3. Recycled Eco-Felt is compliant with the Consumer Product Safety Act, including lead limits, making it a great choice for children.
  4. Machine washable
  5. Allergy-Free
  6. Vegan
  7. Inexpensive - $6 a yard for a (72"x 72")
Also, Eco-Fi has the capacity to keep billions of plastic PET bottles out of the world’s landfills each year by using post-consumer plastic bottles instead of virgin materials in the fiber manufacturing process. By doing this, we can lower harmful air emissions and save millions of barrels of oil from being used which, in turn, reduces the harmful effects of acid rain, global warming, and smog.

Fabrics made from Eco-fi fiber are chemically and functionally nearly identical to those made from non-recycled fiber. The difference is that Eco-fi fiber is made without depleting the Earth’s natural resources. With properties such as strength, softness, shrinkage-resistance, and colorfastness, market applications for Eco-fi are expanding every day. Courtesy:

Here’s how the Ecospun process goes:
  1. Plastic containers are collected from curbside and community recycling centers
  2. The containers are sorted by type and color
  3. All labels and caps are stripped off
  4. The plastic containers are then washed
  5. Then they’re crushed
  6. Then they’re chopped into flake
  7. The flakes are then melted and extruded to create fiber
  8. The fiber is crimped, cut, drawn, then stretched into the desired length (based on its strength), then baled. Courtesy:
I have been using the Eco-Felt for 2 years & am loving the durability, color selection & price, above all, as it lets me keep my costs down to make felt food more affordable. I also love the fact that Eco-felt is machine washable! I wouldn't dry it in the dryer, as it tends to "pill" up, but the thought that I can wash the toys - especially after they have been mouthed & played with, is great. One of the only downsides to Eco-felt is that it tends to stretch, which can be helpful when making the toys, as it "gives" a bit when making certain shapes, but the downside is that it can be torn out of shape if stretched & played with too roughly. Wool felt does not have this problem.

After working with wool felt exclusively for a rather large wholesale order for Palumba toys, I am seriously considering offering wool felt food in my shop as well. I am enjoying the feeling of the wool, its strength, its softness & the beautiful colors available (though I have to order it online). I greatly dislike paying almost twice as much per yard as the Eco-Felt, but I think there are people out there who love the feeling of wool despite its price & non-washability.

So for me, I think I am going to enjoy the best of both worlds & use Eco-Felt & Wool/Rayon Felt interchangeably throughout my sewing, enjoying the benefits that each material has to offer.

Sunday, September 6, 2009

Knotted Love

Ok, as if I needed one more hobby (I sculpt, paint, throw pottery, draw, sew) to add to my list, I have done it again... knitting. I have always wanted to learn this beautiful art form that also brings a daily functionality to the finished product.

As I am an incredibly visual person (artist), I cant tell you my favorite color, because I love all of them. I confess, a favorite pastime is to expand the color palette or swatch boxes on Photoshop & try to pick my favorite color. I still can't. I love the intricate, swirling moods they place me in at the moment I see each color. I swear I was on the color-mixing committe in God's art studio (lol).

So with my passion for color confessed, I have fallen in love with several shops on etsy & am particularly enamored with the following items:

This Hand Painted Superwash Wool-Nylon Sock Yarn by SeeJayneKnitYarns is such a beautiful blend of cool purples & blues, I can just imagine the visual dance I would do with this yarn & some knitting needles. She has a shop full of incredible hand-painted yarns and really fun stitch markers.

Another shop that is full of eye candy is homelab. I have fallen in love with these Fingerless Red Gloves. The button accents are a great addition. Homelab also has amazing Cable Knit Fingerless Gloves (a similar pair to the ones seen in a certain vampire film), Shrugs & Scarfs.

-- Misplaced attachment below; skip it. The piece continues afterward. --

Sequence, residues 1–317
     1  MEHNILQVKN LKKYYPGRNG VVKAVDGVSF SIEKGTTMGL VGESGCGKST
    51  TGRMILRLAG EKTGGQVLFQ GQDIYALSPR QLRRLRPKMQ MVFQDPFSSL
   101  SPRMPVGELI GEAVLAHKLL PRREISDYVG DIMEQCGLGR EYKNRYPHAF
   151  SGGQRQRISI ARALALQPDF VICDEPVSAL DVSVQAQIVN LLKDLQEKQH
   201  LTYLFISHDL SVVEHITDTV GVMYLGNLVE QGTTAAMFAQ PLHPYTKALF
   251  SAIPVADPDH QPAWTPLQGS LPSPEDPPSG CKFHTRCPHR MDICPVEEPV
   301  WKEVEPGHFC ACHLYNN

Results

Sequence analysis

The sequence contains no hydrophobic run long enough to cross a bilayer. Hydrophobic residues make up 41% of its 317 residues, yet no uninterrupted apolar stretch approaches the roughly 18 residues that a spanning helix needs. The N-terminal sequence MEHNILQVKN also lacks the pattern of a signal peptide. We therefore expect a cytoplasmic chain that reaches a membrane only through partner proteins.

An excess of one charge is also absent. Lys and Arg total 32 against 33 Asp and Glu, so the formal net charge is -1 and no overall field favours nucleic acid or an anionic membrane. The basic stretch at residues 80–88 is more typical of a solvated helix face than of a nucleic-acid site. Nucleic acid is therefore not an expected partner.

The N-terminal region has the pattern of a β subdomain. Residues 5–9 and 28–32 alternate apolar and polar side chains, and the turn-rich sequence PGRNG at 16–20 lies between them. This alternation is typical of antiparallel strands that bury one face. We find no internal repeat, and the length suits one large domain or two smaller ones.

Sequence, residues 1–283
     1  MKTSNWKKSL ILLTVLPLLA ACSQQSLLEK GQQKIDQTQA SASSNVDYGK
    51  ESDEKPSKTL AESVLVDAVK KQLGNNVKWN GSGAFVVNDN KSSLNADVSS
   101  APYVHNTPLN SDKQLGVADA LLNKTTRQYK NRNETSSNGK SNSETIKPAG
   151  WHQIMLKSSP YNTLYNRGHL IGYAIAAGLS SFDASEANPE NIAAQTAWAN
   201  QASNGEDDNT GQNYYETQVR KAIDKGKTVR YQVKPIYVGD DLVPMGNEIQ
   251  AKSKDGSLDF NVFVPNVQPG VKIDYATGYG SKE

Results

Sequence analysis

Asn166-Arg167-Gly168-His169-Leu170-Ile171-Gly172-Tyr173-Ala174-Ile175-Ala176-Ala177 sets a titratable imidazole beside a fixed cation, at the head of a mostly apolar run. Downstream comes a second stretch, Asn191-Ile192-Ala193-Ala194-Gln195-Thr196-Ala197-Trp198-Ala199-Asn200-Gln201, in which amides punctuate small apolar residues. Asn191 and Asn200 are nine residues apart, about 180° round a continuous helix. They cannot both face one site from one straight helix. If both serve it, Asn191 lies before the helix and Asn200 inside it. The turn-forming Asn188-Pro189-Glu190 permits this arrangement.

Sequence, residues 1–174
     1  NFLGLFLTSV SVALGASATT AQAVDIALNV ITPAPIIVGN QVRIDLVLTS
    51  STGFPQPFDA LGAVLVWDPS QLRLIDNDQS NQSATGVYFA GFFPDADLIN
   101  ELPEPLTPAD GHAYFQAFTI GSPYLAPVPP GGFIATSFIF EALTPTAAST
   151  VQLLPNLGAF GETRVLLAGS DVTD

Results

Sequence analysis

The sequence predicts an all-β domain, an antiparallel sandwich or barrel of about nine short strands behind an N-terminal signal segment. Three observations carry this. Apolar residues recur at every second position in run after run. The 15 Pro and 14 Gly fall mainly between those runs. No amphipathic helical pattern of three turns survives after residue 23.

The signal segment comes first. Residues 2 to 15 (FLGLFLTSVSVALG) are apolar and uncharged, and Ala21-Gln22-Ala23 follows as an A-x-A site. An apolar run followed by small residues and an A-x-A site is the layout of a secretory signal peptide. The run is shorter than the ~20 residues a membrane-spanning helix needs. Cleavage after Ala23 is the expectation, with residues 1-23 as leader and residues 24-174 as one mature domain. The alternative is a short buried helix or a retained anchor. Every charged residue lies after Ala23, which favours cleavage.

This adorable Pink Pea in a Pod by forthetiny makes me want to have another baby to swaddle in such a warm cozy pod, or just knit a giant one for me to cuddle up in on cold nights.

I LOVE socks & have a strange fetish for knee-high & toe socks. So, diving into knitting, I bravely (or foolishly) have started a pair for my first project. I am stumbling my way through them, but hope to one day be comfortable enough to do more than just a simple K2, P2 Rib stitch & move into patterns like this beautiful pair of socks by FearlessFibers which have a lace panel with a diamond motif bordered by bands of a mock cable twist stitch. All I can say is wow.

So, to all you talented & fabulous knitters who have been perfecting the art of twisting yarn into intricate patterns, I take my hat off to you as I join your ranks - the newest of newbies & look forward to posting more about this "knotted love" that I have found.

Wednesday, September 2, 2009

200 Sales!

A great milestone for me - I just had my 200th sale yesterday, & am ecstatic at the success of my small little business. It is also a big event, as my shop turned 1 year old just last week!

I look back to last August when I decided on my business name, signed on to etsy & started timidly listing items. I have to say that I laugh a little at myself at my ineptitude at the beginning. I knew very little about running a business, making up for that with many late nights reading business models, blogs & attending every Newbie Chat in the Etsy Virtual Labs I could. I owe many thanks to Danielle at etsy for her expertise & patience with me, as I think I asked the most questions in her labs for several weeks & I'm sure she was relieved when I felt confident enough to stand on my own two feet. Bless her!

I still remember the unbelievable rush when I made my first sale - a Ham Sandwich Lunch set to a wonderful customer, who still buys from me. Funny, but I remember thinking "wow, someone really likes something that I made enough to buy it?" I still smile to myself & call my husband each time I make a sale - he is sweet enough to be as excited as I am. I don't know what I would do without my "Idea Man" & my best supporter. I thank all of my customers who give me these excited smiles with my husband each time.

Well, a year & 200 sales later, I am more excited at the prospect of the coming year. I have many new designs in the works, much more business experience & am a much more streamlined & confident seamstress. Though my business is growing, I still remember the reasons why I started in the first place - to rid children's toyboxes of mass-produced, toxic, junk-plastic toys in favor of toys that educate & encourage imaginative play. I love the thought of over 200 children around the world playing with a toy that is made with all the love that seams can hold.